This clinical trial respected the principles of the Declaration of Helsinki on human experimentation and was carried out in accordance with Good Clinical Practice. The Ethical Committee of the University Medical Center Freiburg verified this trial with a positive vote (EK No. 317/14). All enrolled participants signed an informed consent form as well as a data privacy statement. This report follows the criteria of the CONSORT statement .
This trial was part of a larger study which focused on clinical parameters (PD, CAL and BOP) comparing two treatment methods, air-polishing using a new trehalose powder and sonic scaling as control. Furthermore, participants rated both treatments in terms of comfort on a visual analogue scale. It was conducted as a single-blinded randomized clinical trial over six months at the Center for Dental Medicine, Department of Operative Dentistry and Periodontology, University Medical Center Freiburg, Germany . Using a split-mouth design, one tooth was treated subgingivally using an air-polishing device with trehalose powder (test group) while another tooth in the opposite quadrant was treated with a sonic scaler (control group). This microbiological part was added as a pilot study, so a subgroup was formed within the clinical study. Microbiological samples from ten patients were analyzed. The samples were taken from the periodontal site with the deepest pocket depth (PD). Samples were taken before and immediately after treatment, and after three and six months. The total number of bacteria and the change in the bacterial composition were analyzed. All patients received professional supragingival tooth cleaning after three months. Additionally, a follow-up treatment of persisting pockets with PD > 4 mm or 4 mm and bleeding on probing took place after three months. Treatment was performed by the same method used at baseline.
Fifty-two individuals were recruited during periodontal maintenance therapy from the patient population at the Department of Dental Medicine, University Medical Center Freiburg (see Fig. S1 CONSORT Flow Diagram). All participants needed to meet the following inclusion criteria:
chronic periodontitis patients undergoing maintenance therapy .
completed cause-related phase of periodontal therapy within the last 2 years.
2 single-rooted, non-adjacent teeth from different quadrants with PD = 5 mm and positive bleeding on probing or > 5 mm with or without positive bleeding on probing [22,23,24].
no systemic antibiotic treatment during the last 12 weeks.
good general health (no major disease, e.g., untreated heart disease, poorly controlled diabetes, HIV, cancer, hemorrhagic conditions).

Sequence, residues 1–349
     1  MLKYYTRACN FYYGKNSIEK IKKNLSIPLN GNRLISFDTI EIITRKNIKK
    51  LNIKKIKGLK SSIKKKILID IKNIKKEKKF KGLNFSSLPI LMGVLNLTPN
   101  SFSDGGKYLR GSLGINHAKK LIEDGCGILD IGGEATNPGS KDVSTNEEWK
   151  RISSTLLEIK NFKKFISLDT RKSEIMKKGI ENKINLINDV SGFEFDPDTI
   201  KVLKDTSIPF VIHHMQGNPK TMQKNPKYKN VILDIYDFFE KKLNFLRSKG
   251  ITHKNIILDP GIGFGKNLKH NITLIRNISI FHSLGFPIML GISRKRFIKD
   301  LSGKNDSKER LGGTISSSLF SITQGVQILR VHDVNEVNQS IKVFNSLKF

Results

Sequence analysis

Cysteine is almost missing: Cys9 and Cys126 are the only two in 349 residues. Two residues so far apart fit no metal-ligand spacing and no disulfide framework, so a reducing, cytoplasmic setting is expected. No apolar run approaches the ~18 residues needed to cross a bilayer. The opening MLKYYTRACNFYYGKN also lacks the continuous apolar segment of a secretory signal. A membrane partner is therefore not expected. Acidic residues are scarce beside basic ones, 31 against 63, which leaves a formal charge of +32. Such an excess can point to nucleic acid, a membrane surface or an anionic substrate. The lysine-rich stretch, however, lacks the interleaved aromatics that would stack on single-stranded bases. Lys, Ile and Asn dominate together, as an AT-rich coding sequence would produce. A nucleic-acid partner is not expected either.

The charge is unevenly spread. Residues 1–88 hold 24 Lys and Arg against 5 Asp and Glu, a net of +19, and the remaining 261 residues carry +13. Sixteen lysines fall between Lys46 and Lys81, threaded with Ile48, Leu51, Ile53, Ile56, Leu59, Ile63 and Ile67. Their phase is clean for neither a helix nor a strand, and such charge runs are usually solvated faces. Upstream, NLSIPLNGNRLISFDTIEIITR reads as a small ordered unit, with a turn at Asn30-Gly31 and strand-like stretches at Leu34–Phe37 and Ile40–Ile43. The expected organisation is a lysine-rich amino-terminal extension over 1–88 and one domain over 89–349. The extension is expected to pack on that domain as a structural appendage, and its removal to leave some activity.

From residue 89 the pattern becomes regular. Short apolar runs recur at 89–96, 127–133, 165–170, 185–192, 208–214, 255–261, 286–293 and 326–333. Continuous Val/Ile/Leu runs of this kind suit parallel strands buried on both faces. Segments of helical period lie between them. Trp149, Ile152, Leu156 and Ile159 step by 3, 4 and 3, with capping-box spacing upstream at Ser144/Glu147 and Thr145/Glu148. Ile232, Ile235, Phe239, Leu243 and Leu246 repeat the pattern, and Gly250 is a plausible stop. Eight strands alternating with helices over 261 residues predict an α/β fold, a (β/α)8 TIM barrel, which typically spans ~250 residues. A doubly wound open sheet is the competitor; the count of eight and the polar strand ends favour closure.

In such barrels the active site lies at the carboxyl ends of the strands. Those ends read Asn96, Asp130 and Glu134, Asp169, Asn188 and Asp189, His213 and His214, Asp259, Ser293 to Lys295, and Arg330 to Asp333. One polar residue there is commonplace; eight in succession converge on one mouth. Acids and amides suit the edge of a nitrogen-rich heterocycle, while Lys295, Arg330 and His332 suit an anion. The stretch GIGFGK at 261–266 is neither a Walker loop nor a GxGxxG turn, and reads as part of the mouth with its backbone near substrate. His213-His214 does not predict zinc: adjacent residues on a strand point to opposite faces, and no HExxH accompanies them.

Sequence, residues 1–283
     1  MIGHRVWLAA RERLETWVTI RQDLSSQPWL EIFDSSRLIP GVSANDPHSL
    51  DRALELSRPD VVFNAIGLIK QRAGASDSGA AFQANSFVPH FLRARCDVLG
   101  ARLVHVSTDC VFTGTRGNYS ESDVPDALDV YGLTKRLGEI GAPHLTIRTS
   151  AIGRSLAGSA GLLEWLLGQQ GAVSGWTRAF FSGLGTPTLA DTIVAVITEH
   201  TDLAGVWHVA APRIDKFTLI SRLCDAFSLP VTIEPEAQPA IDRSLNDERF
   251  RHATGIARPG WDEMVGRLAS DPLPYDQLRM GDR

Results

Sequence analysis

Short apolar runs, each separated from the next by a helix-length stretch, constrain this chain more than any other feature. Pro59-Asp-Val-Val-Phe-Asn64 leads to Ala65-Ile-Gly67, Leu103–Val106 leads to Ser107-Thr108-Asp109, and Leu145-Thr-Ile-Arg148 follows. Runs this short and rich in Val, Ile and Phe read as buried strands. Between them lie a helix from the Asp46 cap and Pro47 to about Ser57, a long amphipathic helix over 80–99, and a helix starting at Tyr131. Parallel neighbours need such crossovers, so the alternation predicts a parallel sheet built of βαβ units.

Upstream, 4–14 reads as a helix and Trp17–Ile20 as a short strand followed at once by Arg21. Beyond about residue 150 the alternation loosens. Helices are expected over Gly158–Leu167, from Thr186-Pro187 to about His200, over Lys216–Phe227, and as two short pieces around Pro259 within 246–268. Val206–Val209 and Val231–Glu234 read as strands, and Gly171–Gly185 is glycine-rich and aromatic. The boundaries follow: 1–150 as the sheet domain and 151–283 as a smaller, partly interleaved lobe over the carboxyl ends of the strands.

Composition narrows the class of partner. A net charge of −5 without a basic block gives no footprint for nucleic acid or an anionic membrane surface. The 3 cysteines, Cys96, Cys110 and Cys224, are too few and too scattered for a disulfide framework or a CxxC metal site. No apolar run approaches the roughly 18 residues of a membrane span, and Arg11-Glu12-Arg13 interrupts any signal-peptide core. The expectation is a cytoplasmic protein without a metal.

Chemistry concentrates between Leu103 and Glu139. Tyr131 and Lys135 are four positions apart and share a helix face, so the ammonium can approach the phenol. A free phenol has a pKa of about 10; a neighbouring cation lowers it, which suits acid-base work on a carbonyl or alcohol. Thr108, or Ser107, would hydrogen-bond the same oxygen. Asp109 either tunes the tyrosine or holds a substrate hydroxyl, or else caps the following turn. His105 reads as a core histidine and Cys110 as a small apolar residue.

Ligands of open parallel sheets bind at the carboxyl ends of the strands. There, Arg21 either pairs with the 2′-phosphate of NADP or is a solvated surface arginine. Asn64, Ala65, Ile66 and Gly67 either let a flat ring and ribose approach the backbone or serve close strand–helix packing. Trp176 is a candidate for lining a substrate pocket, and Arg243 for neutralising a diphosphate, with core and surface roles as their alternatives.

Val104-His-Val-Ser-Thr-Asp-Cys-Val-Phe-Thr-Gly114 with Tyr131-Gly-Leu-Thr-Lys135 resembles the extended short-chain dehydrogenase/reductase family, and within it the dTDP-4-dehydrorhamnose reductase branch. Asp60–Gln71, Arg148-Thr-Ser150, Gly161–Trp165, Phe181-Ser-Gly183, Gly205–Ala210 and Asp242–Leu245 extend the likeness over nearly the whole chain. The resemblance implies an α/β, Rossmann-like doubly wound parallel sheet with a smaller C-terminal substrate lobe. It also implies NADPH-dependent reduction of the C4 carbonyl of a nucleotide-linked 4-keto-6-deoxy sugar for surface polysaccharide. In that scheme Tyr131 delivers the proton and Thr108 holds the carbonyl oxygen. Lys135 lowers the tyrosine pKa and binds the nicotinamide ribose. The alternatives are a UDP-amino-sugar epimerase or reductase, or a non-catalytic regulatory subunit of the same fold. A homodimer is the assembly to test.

no pregnant or breastfeeding women.
smokers were included to a maximum of 30%.
Out of all included participants, ten were randomly chosen for microbiological examination including a maximum of 20% smokers.
In the test group a new trehalose powder (Lunos® Prophylaxis Powder Perio Combi, Dürr Dental SE, Bietigheim-Bissingen, Germany) was applied using an air-polishing device.
(Perio-Flow® handpiece with Perio-Flow® Nozzle EMS, Nyon, Switzerland). For the control group a sonic device was used for subgingival instrumentation (Sonic Flex, KaVo, Biberach/Riß, Germany).
The procedure assigned by randomization was carried out on the respective teeth for 20 s each, irrespective of air-polishing or sonic instrumentation. 3 months after intervention all participants received oral hygiene instructions by the same dentist and received professional supragingival cleaning. If there was a need for follow-up treatment (PD = 4 mm and positive BOP or PD > 4 mm), the assigned intervention was repeated in terms of a state of the art supportive periodontal treatment [1, 24].
Collection and storage of samples
Following supragingival professional tooth cleaning and recording of clinical parameters, the microbiological samples were taken from the reference periodontal pocket using 40/04 sterile paper tips. The withdrawals were performed at baseline (before and immediately after treatment), at three, and six months. The samples were preserved in 0.75 mL reduced transport fluid and stored in a freezer at − 80 °C .
Processing of the samples
In a first step, the frozen samples were thawed in a water bath at 36 °C and then homogenized for 45 s by vortex. Subsequently, a dilution series was carried out and the samples were applied on three different nutrient media in order to culture the individual colonies of the different bacterial species. The following agar plates and liquid media were used:
Columbia Blood Agar (CoBl): for the cultivation of aerobic and facultative anaerobic bacteria
Yeast cysteine blood agar (HCB): for culturing anaerobic bacteria